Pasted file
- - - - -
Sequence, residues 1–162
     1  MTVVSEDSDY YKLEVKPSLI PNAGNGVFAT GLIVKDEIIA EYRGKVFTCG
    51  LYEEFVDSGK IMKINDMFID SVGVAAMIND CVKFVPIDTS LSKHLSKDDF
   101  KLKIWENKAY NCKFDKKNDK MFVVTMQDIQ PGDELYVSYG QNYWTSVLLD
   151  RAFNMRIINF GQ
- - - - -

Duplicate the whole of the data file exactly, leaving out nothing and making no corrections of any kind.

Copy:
Sequence, residues 1–162
     1  MTVVSEDSDY YKLEVKPSLI PNAGNGVFAT GLIVKDEIIA EYRGKVFTCG
    51  LYEEFVDSGK IMKINDMFID SVGVAAMIND CVKFVPIDTS LSKHLSKDDF
   101  KLKIWENKAY NCKFDKKNDK MFVVTMQDIQ PGDELYVSYG QNYWTSVLLD
   151  RAFNMRIINF GQ